Sunday, November 27, 2016
Letter to Arizona Bankers Association Lobbyists - how about a cup of tea?
Wendy Briggs/Paul Hickman/Steven Killian
As lobbyists for the Arizona Bankers Association, we’d like to introduce you to some topics with serious banking implications coming out of volunteer work I’m doing as part of Arizona HOA Legislative Reform. For some reason, I’m told by Senator Farnsworth’s office that you did not want to meet. Whilst we may not be suggesting new state legislation, we may wish to propose new Federal changes. And without question insist upon the enforcement of current banking law and prudential principles many bank tellers would understand. Absent the bankruptcy aspects, this is banking 101.
In addition, you may not be serving your constituents well. Based on what I’ve seen there is a tremendous business opportunity here for technology based financial institutions to better serve the 62 million homeowners paying $75Billion annually into their HOA’s topping up $50billion of cash. But to do it transparently.
The concerns I’ve already registered break down into five area, one historical, four current and future. Some of this involves serious bad actors in my view. Some of it not. As an experienced banker, I try not to just groan and say – oh not again. But a considerable number of highly seasoned retired banking friends, including ex regulators, have reacted with shock to what the onion peeling has thrown up. And it’s not finished yet. Consequently, I’d welcome feedback. Please also check out our blog where this will be posted at www.arizonahoa.blogspot.com The banking business also operates under he golden principle of "two eyes". Would you and/or any of your members like to prove us wrong - because I would like to be?
Here are the issues
First National Bank of Arizona and Desert Hills Bank engaged in wholesale harvesting of deposits via the HOA Management Companies resulting in a rare instance where UNINSURED depositors with deposits far in excess of the $100,000 FDIC limit had to be bailed out. This occurred in the shadow of IndyMac in 2008 with no accountability or even awareness generally of what happened. In the case of FNBA, explosive growth in their deposits from HOA’s in the community banking division (“CAB”) blossomed to $1Billion with only $75mm invested back. Where did the $925mm go? The President of CAB had as qualifications CAI membership and running Las Vegas nightclubs and remains a figurehead with Western Alliance Bank. Click HERE
In the case of DHB, click HERE for details of their relationship with HOAMCO in Prescott, where deposits gathered by them in excess of FDIC limits were routed back to them as property loans.
HOW WAS THIS ALLOWED TO HAPPEN?
Many of the so called “HOA banks” such as Mutual of Omaha, Western Alliance Bank, and US Bank surprisingly, looking to garner deposits cheaply, have no idea who their customers, the HOA’s, actually are. They have never met them and consider the unlicensed Management Companies to be the real clients. This flies in the face of the Patriot Act anti-Money Laundering procedures which rely on two things:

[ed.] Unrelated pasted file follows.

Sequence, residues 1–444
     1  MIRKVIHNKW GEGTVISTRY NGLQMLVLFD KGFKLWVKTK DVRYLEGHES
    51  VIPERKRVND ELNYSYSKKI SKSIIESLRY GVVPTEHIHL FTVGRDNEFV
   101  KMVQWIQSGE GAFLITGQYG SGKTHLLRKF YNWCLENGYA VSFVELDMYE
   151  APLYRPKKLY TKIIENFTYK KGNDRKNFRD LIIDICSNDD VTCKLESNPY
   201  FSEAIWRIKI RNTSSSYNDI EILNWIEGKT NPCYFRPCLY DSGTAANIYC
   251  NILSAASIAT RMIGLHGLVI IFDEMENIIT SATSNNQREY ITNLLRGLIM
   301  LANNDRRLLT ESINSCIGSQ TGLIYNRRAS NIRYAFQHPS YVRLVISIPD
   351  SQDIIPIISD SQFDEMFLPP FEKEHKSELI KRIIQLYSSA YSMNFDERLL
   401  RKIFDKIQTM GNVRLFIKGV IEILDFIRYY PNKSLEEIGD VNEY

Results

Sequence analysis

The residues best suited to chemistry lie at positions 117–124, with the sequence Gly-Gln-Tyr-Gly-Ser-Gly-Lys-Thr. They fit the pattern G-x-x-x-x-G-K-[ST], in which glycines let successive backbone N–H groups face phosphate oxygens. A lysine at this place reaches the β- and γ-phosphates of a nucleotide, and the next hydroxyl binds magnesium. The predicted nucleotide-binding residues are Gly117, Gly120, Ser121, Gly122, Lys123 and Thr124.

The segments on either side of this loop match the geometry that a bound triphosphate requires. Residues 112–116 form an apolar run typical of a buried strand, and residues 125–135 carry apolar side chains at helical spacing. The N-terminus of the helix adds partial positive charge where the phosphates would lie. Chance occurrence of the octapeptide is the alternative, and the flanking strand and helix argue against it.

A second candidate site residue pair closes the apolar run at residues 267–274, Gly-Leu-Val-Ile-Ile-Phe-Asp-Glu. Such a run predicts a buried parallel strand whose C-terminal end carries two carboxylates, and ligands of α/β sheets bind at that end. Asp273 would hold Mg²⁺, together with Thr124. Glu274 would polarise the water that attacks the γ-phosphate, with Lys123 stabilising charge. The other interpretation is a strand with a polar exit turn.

controlling the point of entry of new accounts into the banking system and;
the old fashioned “know your customer” principle.
HOW DO THEY KNOW THE ULTIMATE DEPOSITOR IS NOT ISIS OR A DRUG LORD?
Our records searches so far cover we believe almost 1,000 Arizona HOA's including account opening documentation from US Bank, Mutual of Omaha, Alliance Association Bank and others. Standard practice is a Master Agreement between the bank and the Management Company with little or no mention of the underlying account holder. Click HERE Under these arrangements, the signing authority is given exclusively to Management Company employees. And the name of the Association as the beneficiary of the funds appears nowhere. Furthermore, user names and passwords for bank accounts on a view only basis are being denied. This adds to the evidence that bank accounts are being co-mingled. With the recent exposure of the Wells Fargo account opening scam, should we be surprised at loose banking practices at smaller banks operating in the shadows and with no relationship at all between the depositary institution and the account holder? BUT US BANK?
HOW IS THIS ALLOWED TO HAPPEN?
Risks to the Money Transfer System via The Automated Clearing House (“ACH”).
The lack of controls on vast numbers of ACH direct debit banking authorities given by HOA members - TO THE MANAGEMENT COMPANIES - not a depositary institution, poses staggering worst case risks to the ACH money transfer system. With an annual volume now at $27 trillion per annum, this system is the backbone of local and retail commerce nationally. One polluted entry into this “batch” driven system might pose catastrophic risks to a payment system at the heart of every Americans’ daily lives. These authorities to debit bank accounts, the fundamental role of a depositary institution, are being issued by HOA members to totally unlicensed Management Companies who typically have difficulty managing landscapers and who would not know a debit or credit from a pretzel. See a collection of those authorities issued to MANAGEMENT COMPANIES – NOT BANKS HERE